If I could give out an award for Efficiency, it would have to go to my wife, Sifu Mimi Chan.
Whether it’s filming/editing a movie, organizing an International Kung-Fu Tournament, starting her own podcast, or just running the day to day operations at Wah Lum, she gets things done.
Usually ahead of schedule.
Recently, after completing yet another big project she said, “I know what to do for next time.” This wasn’t the first time I heard her say this and implies that she is always learning from her experiences.
In this week’s blog post, Sifu Mimi Chan shares a perfect time to reflect and maybe learn what to do for the “next time”. Eventually, you will become more efficient in your training. Enjoy!
The Benefit of the Plateau
Students often ask me, “Why doesn’t it feel like I am improving?” At this point I determine whether the student is:
1. Coming to class consistently
2. Training hard
If the first two questions are a resounding YES, then the answer is simple. Students often hit training plateaus.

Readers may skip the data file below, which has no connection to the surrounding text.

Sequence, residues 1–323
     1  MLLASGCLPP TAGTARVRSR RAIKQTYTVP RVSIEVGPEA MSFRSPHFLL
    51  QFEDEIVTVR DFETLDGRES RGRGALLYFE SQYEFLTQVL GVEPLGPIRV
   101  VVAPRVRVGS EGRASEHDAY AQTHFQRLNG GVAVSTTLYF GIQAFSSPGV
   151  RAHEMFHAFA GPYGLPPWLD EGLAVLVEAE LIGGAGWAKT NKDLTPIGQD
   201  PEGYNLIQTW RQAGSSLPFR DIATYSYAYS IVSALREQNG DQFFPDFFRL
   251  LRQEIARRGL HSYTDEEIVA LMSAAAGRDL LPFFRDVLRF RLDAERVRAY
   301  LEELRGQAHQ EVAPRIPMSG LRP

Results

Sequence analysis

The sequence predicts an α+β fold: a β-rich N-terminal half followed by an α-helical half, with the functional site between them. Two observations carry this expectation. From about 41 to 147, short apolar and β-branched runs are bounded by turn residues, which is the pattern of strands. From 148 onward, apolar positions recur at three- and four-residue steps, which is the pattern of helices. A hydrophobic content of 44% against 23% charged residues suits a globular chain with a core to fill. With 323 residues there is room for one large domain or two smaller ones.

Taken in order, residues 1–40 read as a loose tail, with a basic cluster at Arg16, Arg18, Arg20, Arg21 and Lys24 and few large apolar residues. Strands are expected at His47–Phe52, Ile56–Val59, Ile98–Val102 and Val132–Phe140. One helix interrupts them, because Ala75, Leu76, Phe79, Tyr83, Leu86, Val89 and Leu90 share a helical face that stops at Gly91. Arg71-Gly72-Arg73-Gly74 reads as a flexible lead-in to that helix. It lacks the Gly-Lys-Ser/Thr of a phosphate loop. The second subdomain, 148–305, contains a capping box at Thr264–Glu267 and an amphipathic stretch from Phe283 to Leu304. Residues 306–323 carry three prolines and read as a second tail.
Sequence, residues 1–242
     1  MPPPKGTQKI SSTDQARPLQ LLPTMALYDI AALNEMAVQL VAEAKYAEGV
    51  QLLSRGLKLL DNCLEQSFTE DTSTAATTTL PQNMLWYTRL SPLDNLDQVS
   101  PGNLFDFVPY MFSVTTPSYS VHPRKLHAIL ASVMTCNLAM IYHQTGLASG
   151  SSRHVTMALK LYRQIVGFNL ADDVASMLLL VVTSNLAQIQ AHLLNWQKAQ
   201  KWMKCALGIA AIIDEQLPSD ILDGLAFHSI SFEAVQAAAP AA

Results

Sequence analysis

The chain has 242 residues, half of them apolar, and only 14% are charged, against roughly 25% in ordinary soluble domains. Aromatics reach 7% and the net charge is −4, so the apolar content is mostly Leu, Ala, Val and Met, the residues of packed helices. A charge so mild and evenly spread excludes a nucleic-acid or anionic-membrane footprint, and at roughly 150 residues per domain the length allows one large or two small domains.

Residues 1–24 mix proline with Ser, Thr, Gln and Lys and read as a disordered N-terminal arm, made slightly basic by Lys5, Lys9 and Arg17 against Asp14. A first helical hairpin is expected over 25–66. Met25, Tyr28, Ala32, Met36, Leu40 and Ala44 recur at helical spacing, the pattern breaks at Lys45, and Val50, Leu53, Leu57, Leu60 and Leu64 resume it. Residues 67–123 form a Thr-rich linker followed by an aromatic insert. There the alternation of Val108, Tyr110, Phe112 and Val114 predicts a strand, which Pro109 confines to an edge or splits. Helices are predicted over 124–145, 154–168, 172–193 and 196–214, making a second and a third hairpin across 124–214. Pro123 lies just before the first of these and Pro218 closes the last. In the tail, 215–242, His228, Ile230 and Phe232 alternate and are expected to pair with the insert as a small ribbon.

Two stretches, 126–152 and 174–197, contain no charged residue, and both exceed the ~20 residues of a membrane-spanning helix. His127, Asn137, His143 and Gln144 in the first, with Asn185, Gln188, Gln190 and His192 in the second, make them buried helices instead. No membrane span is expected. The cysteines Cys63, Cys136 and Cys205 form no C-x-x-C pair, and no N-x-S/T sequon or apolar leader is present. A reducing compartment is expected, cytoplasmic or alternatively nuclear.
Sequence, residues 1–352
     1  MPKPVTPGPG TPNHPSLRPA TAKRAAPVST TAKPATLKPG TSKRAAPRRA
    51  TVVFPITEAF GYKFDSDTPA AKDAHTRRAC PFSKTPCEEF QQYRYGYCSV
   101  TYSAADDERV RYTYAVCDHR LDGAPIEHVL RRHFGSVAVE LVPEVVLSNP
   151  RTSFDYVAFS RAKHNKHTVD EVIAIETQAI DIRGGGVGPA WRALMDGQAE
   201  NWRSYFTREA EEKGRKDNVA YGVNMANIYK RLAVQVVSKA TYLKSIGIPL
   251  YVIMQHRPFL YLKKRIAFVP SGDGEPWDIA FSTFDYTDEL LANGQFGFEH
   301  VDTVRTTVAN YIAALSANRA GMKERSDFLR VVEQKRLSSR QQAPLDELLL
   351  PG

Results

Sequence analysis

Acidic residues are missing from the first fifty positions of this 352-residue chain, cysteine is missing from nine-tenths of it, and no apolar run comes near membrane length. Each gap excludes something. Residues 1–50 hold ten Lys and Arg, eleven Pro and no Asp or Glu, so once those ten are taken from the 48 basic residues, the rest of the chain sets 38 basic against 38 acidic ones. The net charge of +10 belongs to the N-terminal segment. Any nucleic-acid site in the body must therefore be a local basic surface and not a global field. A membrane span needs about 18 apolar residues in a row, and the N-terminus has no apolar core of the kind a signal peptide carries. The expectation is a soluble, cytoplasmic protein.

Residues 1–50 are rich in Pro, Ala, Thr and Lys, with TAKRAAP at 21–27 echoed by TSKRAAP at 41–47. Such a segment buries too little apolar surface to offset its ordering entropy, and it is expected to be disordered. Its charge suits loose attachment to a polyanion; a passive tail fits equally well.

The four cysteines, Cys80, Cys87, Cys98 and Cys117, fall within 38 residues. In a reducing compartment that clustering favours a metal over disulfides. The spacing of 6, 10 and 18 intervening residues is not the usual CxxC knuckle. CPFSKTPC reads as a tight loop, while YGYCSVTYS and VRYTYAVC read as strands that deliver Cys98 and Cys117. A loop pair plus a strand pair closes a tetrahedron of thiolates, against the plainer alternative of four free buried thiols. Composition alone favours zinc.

This is not necessarily a negative thing. In any art form or exercise program plateaus will inevitably be encountered.
It is impossible for training to be a straight incline of progression. If students attempt to follow the straight line of progression, they often burn out, or worse, get injured.
With consistent training you will improve, but you may not recognize the progress until months later. It’s those unseen steps forward that in hindsight enabled your leap forward.
During the often dreaded plateau, the right mindset allows students to get a sense of security in their training.
Whether it is weight training, kung fu, running, or any other movement practice, you should enjoy the plateau rather than feel frustrated.
Don’t worry about adding more weight, reps, or learning a different kung fu form all the time.
Your body has a way of telling you when it has reached a limit. Listening to these cues is the art of Tuning In.
This mentality for training will allow you to take those previously unseen steps needed to reach the next plateau.
Ever heard that ‘slow and steady wins the race’? It’s true!
Don’t see the plateau as a negative, instead be happy that you made it to that level of training, take a moment to reflect how many steps you have taken, and know that the next plateau is waiting for you.
Wah Lum Kung Fu and Tai Chi
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